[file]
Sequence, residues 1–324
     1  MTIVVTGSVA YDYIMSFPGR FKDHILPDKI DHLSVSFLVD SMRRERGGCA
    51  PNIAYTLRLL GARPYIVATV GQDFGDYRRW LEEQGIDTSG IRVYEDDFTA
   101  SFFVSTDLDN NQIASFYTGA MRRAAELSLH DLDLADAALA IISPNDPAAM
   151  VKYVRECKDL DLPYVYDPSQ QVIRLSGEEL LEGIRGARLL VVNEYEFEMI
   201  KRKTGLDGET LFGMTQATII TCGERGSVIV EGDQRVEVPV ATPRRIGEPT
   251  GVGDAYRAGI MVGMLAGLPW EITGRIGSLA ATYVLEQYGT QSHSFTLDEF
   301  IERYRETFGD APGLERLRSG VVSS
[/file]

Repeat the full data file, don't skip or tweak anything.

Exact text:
Sequence, residues 1–324
     1  MTIVVTGSVA YDYIMSFPGR FKDHILPDKI DHLSVSFLVD SMRRERGGCA
    51  PNIAYTLRLL GARPYIVATV GQDFGDYRRW LEEQGIDTSG IRVYEDDFTA
   101  SFFVSTDLDN NQIASFYTGA MRRAAELSLH DLDLADAALA IISPNDPAAM
   151  VKYVRECKDL DLPYVYDPSQ QVIRLSGEEL LEGIRGARLL VVNEYEFEMI
   201  KRKTGLDGET LFGMTQATII TCGERGSVIV EGDQRVEVPV ATPRRIGEPT
   251  GVGDAYRAGI MVGMLAGLPW EITGRIGSLA ATYVLEQYGT QSHSFTLDEF
   301  IERYRETFGD APGLERLRSG VVSS